(Image source from: Investing.com)
The government panel on Friday said all critical personal data on people in India should be processed within the country.
As the data breaches are becoming common globally, the recommendation comes at a time and there is a sharp inspection by governments on how companies handle user data.
A draft bill was presented by the panel, headed by former Supreme Court judge BN Srikrishna, that will go before parliament planned to intensify data protection. The legislation could affect how global companies store data in India.
The panel said "personal data determined to be critical" will be subject to the requirement of being processed "only in India", according to its 213-page report released on Friday.
"The central government should determine categories of sensitive personal data which are critical to the nation," the panel said, adding that there will be a prohibition against cross-border transfer of such data.
By global technology companies and the United States trade groups, the panel recommendations were keenly awaited, who fright any rigorous data localization directive by the government could alter their business models and raise costs.
Nehaa Chaudhari, a technology policy expert at Indian law firm TRA, said the recommendation was strong as it showed the government wanted to see some kind of data localized.
"They seem to be conscious of the threat of data breaches," Chaudhari said. "The devil here is the detail, we will need to know what is critical personal data."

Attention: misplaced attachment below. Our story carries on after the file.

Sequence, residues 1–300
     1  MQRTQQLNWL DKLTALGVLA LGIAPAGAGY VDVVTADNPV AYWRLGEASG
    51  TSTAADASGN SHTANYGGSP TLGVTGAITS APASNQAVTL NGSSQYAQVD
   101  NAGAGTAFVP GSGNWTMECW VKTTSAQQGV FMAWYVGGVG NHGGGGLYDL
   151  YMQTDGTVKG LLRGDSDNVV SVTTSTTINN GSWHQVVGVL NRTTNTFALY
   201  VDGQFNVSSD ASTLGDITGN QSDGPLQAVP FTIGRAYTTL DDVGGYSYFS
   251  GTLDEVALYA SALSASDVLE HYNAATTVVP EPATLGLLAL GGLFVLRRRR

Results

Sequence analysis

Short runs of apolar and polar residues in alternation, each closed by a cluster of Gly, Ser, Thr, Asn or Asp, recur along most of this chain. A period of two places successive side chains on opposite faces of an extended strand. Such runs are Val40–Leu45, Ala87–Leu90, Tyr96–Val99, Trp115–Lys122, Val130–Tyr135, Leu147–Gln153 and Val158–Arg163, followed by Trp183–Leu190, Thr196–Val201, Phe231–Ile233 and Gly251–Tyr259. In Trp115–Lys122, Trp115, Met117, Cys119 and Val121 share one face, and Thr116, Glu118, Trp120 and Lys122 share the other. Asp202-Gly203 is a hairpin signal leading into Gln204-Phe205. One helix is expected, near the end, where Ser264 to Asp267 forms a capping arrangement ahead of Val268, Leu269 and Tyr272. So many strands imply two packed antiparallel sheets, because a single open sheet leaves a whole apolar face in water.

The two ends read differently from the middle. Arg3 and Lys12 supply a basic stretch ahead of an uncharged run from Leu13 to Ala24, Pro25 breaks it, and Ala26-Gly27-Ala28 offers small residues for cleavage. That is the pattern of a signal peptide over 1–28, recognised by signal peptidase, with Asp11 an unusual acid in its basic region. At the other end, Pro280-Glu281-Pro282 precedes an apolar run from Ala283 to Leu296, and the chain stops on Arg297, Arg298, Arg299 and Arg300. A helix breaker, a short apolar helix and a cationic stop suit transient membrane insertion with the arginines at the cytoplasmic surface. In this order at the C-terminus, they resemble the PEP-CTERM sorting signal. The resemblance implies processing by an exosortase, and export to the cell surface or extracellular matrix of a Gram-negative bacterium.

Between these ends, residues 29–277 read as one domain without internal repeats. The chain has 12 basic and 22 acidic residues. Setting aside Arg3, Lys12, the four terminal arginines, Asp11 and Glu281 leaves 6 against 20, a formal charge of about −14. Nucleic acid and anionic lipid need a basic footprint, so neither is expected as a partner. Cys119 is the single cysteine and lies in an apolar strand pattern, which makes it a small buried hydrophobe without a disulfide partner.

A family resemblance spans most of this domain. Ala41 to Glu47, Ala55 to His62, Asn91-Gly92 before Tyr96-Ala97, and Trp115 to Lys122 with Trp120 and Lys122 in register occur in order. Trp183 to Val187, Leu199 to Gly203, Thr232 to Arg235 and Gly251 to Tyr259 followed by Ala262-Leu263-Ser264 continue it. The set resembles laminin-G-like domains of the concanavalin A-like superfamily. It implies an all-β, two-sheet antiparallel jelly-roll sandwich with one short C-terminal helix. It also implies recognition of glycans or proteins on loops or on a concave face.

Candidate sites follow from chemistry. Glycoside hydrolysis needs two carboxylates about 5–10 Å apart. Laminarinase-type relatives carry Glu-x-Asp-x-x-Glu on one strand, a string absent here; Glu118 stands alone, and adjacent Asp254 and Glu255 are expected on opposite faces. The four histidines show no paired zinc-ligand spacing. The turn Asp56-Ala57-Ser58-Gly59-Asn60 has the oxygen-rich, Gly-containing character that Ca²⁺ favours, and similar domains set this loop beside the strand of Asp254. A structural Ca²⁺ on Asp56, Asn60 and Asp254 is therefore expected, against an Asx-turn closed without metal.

The U.S. trade groups, representing companies such as Visa, Mastercard, and American Express, have been protesting against an Indian central bank directive which said in April that all payments data should be stored locally within six months.
Asked about how financial data should be stored, judge Srikrishna said at a press briefing that the Reserve Bank had "jumped the gun", adding that a new data protection law will "override" all other notifications and regulations on data storage.
The setting up of "data protection authority", is likewise recommended by the government, an agency which would look at enforcement and implementation of the new data protection law.
India in recent months become progressively conscious of the peril of data breaches.
The government on Thursday said it had asked its federal police to probe misuse of Facebook user data by Cambridge Analytica, a political consultancy which was earlier this year accused of improperly using data of 87 million Facebook users.
"It is suspected that Cambridge Analytica may have been involved in illegally obtaining data of Indians which could be misused," the Information Technology (IT) minister said.
By Sowmya Sangam